A brief flashback of IS-IS – Part II

Hello PDU’s of IS-IS:

IS-IS has three types of Hello PDUs:

i. ESH (ES Hello – sent by ES to an IS)

ii. ISH (IS Hello – sent by IS to an ES)

iii. IIH (IS-IS Hello – sent between two ISs)

 

 

Routing Levels

Level0: Used to locate end systems

Level1: Routing within an area

Level2: Backbone between areas

Level3: Inter-AS routing

 

 

NSAP Addressing

IS-IS uses the NSAP address for communication. Each router in IS-IS is identified with an ID called NET (Network Entity Title) same as Router ID which is NSAP address. Below is the NSAP addressing format:

Below are field descriptions:

AFI (First 8 bits): Any number (usually 49 indicating Private IS-IS)

Area (16 bits): Area

System ID (48 bits): MAC Address of any interface of this Router

NSEL (8 bits): Zero (NSEL = 00 means the device itself. The NSAP with a NSEL = 00 is known as a NET)

 

Cisco format for NSAP Addressing is: 

AFI.Area . System ID(MAC) . NSEL (always 00 on ISs)

(e.g. 49.0001.2222.2222.2222.00)

 

 

IS-IS Routing Process

IS-IS Routing Process is divided into four stages:

i. Update: LSPs are generated and flooded throughout the network whenever there is a change in network (adjacency changes, interface up/down or metric changed, route changes)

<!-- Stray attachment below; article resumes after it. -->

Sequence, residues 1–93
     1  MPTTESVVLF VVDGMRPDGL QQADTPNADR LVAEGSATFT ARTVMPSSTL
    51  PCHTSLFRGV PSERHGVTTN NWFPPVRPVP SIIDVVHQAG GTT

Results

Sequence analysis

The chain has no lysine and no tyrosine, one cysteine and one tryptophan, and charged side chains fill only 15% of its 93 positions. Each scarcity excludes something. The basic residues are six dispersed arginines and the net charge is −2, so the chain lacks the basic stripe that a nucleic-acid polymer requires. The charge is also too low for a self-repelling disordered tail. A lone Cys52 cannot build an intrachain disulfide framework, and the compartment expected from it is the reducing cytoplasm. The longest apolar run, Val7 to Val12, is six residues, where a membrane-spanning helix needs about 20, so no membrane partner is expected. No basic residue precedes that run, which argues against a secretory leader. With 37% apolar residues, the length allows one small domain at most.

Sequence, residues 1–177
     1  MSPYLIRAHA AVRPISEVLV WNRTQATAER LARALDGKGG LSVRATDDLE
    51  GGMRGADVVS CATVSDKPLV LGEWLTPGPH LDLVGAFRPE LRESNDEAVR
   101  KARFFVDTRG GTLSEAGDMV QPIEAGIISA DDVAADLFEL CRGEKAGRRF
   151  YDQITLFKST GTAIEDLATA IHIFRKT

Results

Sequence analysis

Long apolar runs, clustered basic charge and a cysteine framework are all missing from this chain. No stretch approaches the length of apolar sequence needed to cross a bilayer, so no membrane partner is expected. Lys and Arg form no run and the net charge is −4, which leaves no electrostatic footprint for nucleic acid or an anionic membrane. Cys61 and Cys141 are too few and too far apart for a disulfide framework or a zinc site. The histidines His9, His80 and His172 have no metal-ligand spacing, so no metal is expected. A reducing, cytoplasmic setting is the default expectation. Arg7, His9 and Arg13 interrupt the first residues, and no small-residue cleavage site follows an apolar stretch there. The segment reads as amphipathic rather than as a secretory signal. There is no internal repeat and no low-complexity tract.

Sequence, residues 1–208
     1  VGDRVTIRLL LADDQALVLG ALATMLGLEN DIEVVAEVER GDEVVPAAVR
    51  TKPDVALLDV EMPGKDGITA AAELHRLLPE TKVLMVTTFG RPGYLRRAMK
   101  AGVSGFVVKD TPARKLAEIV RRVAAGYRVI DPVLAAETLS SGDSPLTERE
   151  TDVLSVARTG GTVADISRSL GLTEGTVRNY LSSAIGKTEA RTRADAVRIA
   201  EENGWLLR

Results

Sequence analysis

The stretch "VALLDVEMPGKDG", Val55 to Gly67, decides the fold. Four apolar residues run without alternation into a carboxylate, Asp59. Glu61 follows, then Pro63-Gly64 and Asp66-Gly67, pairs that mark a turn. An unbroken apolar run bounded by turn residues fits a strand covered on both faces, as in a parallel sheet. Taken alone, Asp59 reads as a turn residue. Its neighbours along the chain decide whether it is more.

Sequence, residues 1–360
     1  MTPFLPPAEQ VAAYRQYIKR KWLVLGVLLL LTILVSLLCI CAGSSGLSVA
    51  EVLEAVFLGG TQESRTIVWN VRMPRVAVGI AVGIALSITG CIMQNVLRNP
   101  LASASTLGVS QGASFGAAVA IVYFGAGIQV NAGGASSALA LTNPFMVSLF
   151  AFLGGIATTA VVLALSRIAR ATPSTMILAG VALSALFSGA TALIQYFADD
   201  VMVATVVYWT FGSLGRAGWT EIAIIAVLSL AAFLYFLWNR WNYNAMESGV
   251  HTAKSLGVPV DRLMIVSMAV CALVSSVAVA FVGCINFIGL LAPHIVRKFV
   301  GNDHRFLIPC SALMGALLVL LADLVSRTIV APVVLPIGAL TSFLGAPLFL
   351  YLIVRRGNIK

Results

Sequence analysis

ii. Decision: Create SPT (Shortest Path Tree) & Routing table based on Dijkstra’s algo

iii. Forwarding: After the SPT has been built the forwarding database is created

iv. Receive: After receiving a frame, IS-IS checks it & if the frame is valid, the receive process passes user data and error reports to the forwarding process. Whereas routing information (Hellos, LSPs, and SNPs) are sent to the update process

 

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11 Comments on "A brief flashback of IS-IS – Part II"

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Luke Kai
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Good. Concepts simplified!!

Austin
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Most of new students have a short idea about IS-IS topic. It is a very good post for them. keep it up…..

Lewis
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I have a confusion on the definition of Packet Loss Rate.
Is it the number of packets lost per unit of time or number of packets lost per number of packets sent?

Waqas Karim
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Both are valid. If unit is not mentioned then it will assume as:
(no. of packets lost) / (no. of packets sent)

Louis Elliott
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Thanks for giving this knowledgeable information. You really finished my confusion about network interfaces and end points. Thanks again!….

Waqas Karim
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You’re welcome.

Louis Elliott
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What are the endpoints network interface called at Data Link layer?

David Toby
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As I know in IS-IS the router knows the interface addresses of the other routers. So is it possible to connect two IPv6 areas over an IPv4 area?